Madonna and Child


I spent the morning running errands in the cold morning, and all morning I missed my son. I missed him tangibly, with my whole body. I went back to our apartment, lay down in my bed and slept restlessly, unsatisfied. In a time not so distant this feeling came in the absence of a partner – the familiar weight of a hand resting on my skin or the intimacy of common experience. Now my loyalty rises to this: my only son and the imperfect family that we are. This apartment does not comfort me as a home does without his chubby fingers pulling open the cabinet doors, without the sound of small feet running unevenly, the questioning “Dhaa?” as he lifts a book to me.

I picked Joseph up from school and we went home to eat apple slices together at the kitchen table. We sat on the couch under a green army blanket and read the same two books again and again and I started to feel better. I had just wanted to be near him – separated I felt un-anchored, in danger of drifting off.
When I say it is time to go to bed he takes my first two knobby fingers in his little puffy red ones and waves goodnight to the kitchen table, to his bicycle and his books still lying open on the couch. He climbs into his bed and I kiss his cheek and then his head behind his ear. I read aloud as he drifts off beside me, his eyes blinking, and then closed, then his breathing slow and deep. I close the book and watch him breathe before returning to the other work that must be done.

This is the dream of motherhood, the world of magic we inhabit somewhere between the myth and this moment, where the love lifts us up as sparks from the bonfire reach up into the night.


I wake to a wailing cry and the hard knot in my stomach. He must be hurting but how can I know where? I sit impotently at his bedside, pushing my fingers through hair quickly matting dark with tears and sweat and snot. I lift him into my lap and he arranges himself in perfect symmetry, one little foot on either side of my hips, his ear pressed to the center of my chest where the bones push out against the skin. He sighs into quiet and then sleep.


When I wake again it is to excited babbling. He is talking quickly, “The sun is almost here, mama! Wake up! Let me tell you about my dream,” he seems to say. “Good morning bub,” I grab his head and kiss it. He flops on top of me, then picks his head up laughing. The windows are not yet light. We rise, boil water in a copper kettle, eat our breakfast of oatmeal from a blue bowl.

It is beginning to snow. I dress Joseph for school wondering if they will go outside, if he will be warm enough, if the other children are kind to him. I wondered how the mothers of this valley might have labored on a morning such as this, before there were windows out of which to watch the snow and all our artifices of security.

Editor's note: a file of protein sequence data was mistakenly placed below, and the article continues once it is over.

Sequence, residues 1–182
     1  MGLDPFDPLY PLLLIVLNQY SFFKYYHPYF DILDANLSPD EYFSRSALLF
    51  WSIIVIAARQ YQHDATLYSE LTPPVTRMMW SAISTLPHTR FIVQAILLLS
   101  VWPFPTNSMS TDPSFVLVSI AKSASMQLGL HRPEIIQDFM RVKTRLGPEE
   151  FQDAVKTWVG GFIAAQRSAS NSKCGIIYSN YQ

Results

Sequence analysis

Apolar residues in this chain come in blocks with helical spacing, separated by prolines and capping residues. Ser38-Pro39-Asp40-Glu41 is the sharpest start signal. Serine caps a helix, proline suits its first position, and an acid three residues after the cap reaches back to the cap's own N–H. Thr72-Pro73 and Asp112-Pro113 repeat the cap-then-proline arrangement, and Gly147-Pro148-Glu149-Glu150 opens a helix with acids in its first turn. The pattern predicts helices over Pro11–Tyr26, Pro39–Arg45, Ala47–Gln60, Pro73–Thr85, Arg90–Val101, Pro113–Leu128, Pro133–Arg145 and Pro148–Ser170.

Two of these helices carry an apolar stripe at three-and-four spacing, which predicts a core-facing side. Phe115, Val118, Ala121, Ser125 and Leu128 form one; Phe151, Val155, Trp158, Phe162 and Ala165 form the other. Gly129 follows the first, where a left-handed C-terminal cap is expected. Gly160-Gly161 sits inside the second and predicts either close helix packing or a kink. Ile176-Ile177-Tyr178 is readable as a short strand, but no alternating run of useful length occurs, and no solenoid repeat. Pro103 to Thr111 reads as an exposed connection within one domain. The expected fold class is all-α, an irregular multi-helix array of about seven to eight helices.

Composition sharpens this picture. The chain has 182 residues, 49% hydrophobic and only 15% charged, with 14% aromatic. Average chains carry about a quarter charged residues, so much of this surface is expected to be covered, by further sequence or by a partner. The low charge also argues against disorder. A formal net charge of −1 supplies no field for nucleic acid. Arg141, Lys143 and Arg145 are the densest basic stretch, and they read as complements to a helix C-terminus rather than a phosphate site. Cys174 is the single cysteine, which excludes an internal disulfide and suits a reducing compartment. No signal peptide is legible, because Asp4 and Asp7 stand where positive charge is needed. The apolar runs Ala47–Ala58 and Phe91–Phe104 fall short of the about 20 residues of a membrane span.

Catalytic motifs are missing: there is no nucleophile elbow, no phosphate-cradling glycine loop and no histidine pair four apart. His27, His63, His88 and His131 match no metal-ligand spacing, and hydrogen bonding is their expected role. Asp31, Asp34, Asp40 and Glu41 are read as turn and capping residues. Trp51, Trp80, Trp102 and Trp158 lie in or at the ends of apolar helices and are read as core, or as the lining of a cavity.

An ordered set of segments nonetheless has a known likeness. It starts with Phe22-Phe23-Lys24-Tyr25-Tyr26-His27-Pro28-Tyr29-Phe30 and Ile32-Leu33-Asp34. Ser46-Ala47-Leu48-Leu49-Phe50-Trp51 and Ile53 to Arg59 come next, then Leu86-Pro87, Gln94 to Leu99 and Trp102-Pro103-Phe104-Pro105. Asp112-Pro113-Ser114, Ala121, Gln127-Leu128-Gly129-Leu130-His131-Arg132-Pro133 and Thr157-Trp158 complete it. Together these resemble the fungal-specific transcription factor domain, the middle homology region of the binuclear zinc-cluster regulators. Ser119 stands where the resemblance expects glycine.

What work belonged to the native women of this valley? How did they carry their babies? Close to their bodies, under blankets and furs? I am driving us across the river, just downstream of the place where the Holston meets the French Broad. What if the bridges were gone? What if I couldn’t reach him? I see myself placing boots side by side on the frozen mud. I might not survive swimming the river, I think, but I would have to.

Love is at once mythological and ordinary. Today it is dressed in the trappings of school lunches, zipped jackets, bedtime rituals, but I know myself to be in the company of the Gods. Who was the first mother? I see Eve in the garden, eating an apple, waking up and remember the apple tossed into my backpack this morning – the one that was on sale last weekend when Joseph pushed the grocery cart between my feet.

Once, very pregnant, I squatted on a river bank and lifted the water to my face. I knew the geometry of that moment was sacred. In such a gesture I felt the strength of every woman squatted by the river, heavy with the weight of life, and in it also the strength of every apple tree whose gnarled branches have borne the hard round fruit through the turning of the season.

I brought Joseph home for the first time in the afternoon. I struggled to keep up with the nurse as she led me out the winding passageways of the hospital (a new mother couldn’t be expected to find her way out on her own). That night I lay with him on the mattress on the floor in my bedroom, his head on my chest and my face bent to his, smelling his yet-unwashed hair. In the stillness of that moment holiness washed over us as a tide claims the shore.